Betty Grable (San Luis, de Misuri, 18 de diciembre de 1916 – Santa Mónica, de California, 2 de julio de 1973) fue el seudónimo de Elizabeth Ruth Grable, actriz, cantante y bailarina estadounidense.
Su fotografía en bañador, de espaldas con la cabeza mirando por encima de su hombro derecho, la convirtió en la chica pin-up número uno de la época de la Segunda Guerra Mundial. Posteriormente fue incluida en la lista de las 100 Fotografías que Cambiaron el Mundo, elaborada por la revista Life.
Grable era muy conocida por sus bien proporcionadas piernas, las cuales exhibió en sus películas musicales rodadas en Technicolor para la 20th Century Fox, y que el estudio aseguró por un millón de dólares cada una con la aseguradora Lloyds de Londres.
- Fecha de nacimiento: 1916-12-18
- Falleció: 1973-07-02
- Lugar de nacimiento: St. Louis, Missouri, USA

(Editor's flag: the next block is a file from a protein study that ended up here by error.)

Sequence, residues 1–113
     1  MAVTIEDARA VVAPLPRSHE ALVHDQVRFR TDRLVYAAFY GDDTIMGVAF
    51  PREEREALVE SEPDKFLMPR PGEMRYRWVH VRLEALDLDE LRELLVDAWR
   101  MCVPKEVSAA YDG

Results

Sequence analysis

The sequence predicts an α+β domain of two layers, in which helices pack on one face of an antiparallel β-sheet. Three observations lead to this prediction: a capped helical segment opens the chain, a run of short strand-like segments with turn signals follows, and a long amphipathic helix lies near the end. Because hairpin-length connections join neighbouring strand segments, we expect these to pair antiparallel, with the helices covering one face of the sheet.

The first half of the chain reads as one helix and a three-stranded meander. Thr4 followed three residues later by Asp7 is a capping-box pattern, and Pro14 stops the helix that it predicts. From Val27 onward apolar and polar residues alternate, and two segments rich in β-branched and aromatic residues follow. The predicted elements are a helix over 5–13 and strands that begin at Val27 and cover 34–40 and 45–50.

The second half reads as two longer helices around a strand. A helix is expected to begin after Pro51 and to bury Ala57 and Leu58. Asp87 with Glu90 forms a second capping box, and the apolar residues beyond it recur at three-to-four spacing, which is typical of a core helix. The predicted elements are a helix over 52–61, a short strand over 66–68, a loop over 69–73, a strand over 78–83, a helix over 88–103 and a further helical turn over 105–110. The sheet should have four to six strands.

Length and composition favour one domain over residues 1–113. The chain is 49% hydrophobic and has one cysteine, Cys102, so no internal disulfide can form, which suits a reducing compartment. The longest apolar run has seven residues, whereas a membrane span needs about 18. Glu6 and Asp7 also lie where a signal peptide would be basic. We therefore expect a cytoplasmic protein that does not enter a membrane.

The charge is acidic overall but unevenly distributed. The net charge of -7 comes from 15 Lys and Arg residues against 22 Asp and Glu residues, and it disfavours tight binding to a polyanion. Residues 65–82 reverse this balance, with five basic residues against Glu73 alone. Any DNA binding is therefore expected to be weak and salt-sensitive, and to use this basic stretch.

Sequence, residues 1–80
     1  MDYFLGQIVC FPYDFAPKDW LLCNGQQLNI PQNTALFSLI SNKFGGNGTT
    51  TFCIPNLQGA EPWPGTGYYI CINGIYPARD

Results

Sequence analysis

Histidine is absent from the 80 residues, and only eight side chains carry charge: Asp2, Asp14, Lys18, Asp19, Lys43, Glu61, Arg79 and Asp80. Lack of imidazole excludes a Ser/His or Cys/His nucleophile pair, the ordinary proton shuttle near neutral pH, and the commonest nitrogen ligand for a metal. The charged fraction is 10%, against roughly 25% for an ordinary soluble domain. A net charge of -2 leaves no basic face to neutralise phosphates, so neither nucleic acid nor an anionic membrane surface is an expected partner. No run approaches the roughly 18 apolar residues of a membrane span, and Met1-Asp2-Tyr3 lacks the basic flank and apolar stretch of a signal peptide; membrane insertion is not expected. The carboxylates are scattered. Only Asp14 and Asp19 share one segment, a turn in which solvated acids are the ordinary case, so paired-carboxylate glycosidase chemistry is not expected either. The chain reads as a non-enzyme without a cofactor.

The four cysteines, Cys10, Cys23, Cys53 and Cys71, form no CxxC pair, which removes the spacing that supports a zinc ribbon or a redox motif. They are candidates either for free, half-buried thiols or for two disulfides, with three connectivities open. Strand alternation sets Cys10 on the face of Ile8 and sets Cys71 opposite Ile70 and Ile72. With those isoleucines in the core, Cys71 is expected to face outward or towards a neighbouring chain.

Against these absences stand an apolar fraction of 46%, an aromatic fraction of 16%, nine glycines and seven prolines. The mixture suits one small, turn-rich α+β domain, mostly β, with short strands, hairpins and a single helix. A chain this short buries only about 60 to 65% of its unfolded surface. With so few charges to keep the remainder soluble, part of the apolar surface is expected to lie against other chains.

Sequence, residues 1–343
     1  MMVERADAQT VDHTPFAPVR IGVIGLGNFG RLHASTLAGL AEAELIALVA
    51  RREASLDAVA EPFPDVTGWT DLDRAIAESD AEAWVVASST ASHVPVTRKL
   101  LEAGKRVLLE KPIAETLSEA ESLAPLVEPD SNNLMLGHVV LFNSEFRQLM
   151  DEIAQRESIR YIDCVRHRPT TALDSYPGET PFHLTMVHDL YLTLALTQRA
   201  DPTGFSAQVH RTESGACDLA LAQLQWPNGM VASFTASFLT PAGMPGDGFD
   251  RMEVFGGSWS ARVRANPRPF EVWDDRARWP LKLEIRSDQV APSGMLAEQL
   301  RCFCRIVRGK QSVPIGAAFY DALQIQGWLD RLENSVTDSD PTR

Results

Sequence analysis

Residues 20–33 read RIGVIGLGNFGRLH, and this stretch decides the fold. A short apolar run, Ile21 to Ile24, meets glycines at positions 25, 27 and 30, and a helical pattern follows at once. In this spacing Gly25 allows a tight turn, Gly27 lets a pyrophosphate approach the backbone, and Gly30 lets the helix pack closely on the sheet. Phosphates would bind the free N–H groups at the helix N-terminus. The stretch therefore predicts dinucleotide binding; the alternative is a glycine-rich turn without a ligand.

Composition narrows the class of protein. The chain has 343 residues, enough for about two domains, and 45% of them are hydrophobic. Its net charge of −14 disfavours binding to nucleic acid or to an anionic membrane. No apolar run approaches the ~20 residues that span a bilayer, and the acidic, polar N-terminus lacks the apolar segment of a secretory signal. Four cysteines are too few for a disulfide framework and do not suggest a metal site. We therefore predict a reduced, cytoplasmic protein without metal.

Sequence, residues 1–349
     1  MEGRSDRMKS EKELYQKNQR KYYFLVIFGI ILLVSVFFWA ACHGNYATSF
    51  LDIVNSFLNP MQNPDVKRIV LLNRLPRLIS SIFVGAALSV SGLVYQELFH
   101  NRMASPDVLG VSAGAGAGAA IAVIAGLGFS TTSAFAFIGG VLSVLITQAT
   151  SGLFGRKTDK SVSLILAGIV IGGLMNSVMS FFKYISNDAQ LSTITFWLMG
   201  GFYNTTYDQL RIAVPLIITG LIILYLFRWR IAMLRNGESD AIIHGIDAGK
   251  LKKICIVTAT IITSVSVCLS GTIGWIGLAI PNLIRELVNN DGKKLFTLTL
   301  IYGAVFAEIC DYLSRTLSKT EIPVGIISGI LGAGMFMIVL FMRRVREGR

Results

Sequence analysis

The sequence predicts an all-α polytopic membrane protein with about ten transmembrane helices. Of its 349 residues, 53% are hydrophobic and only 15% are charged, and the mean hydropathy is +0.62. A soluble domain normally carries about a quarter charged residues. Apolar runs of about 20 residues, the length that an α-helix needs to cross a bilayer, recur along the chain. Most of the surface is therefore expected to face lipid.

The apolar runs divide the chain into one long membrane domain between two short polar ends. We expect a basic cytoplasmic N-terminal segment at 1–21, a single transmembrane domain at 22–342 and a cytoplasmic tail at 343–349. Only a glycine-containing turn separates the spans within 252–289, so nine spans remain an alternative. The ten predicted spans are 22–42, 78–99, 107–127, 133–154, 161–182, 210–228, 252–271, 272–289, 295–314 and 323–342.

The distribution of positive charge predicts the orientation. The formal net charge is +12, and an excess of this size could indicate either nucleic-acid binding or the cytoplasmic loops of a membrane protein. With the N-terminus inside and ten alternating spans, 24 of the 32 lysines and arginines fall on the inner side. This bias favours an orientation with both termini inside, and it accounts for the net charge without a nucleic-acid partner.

Elizabeth Ruth Grable was born on December 18, 1916 in St. Louis, Missouri. Her mother Lillian was a stubborn and materialistic woman who was determined to make her daughter a star. Elizabeth, who later became Betty, was enrolled in Clark's Dancing School at the age of three. With her mother's guidance, Betty studied ballet and tap dancing. At age 13, Betty and her mother set out for Hollywood with the hopes of stardom. Lillian lied about her daughter's age, and Ruth landed several minor parts in films in 1930, such as Whoopee! (1930), New Movietone Follies of 1930 (1930), Happy Days (1929) and Let's Go Places (1930). In 1932, she signed with RKO Radio Pictures. The bit parts continued for the next three years. Betty finally landed a substantial part in By Your Leave (1934). One of her big roles was in College Swing (1938). Unfortunately, the public did not seem to take notice. She was beginning to think she was a failure. The next year, she married former child star Jackie Coogan. His success boosted hers, but they divorced in 1940. When she landed the role of Glenda Crawford in Down Argentine Way (1940), the public finally took notice of this shining bright star. Stardom came through comedies such as Coney Island (1943) and Sweet Rosie O'Grady (1943). The public was enchanted with Betty. Her famous pin-up pose during World War II adorned barracks all around the world. With that pin-up and as the star of lavish musicals, Betty became the highest-paid star in Hollywood. After the war, her star continued to rise. In 1947, the United States Treasury Department noted that she was the highest paid star in America, earning about $300,000 a year - a phenomenal sum even by today's standards. Later, 20th Century-Fox, who had her under contract, insured her legs with Lloyds of London for a million dollars. Betty continued to be popular until the mid-1950s, when musicals went into a decline. Her last film was How to Be Very, Very Popular (1955). She then concentrated on Broadway and nightclubs. In 1965, she divorced band leader Harry James, whom she had wed in 1943. Betty Grable died at age 56 of lung cancer on July 2, 1973 in Santa Monica, California. Her life was an active one, devoid of the scandals that plagued many stars in one way or another. In reality, she cared for her family and the family life more than stardom. In that way, she was a true star. Date of Death 2 July 1973, Santa Monica, California (lung cancer) Interred at Inglewood Park Cemetery, Inglewood, California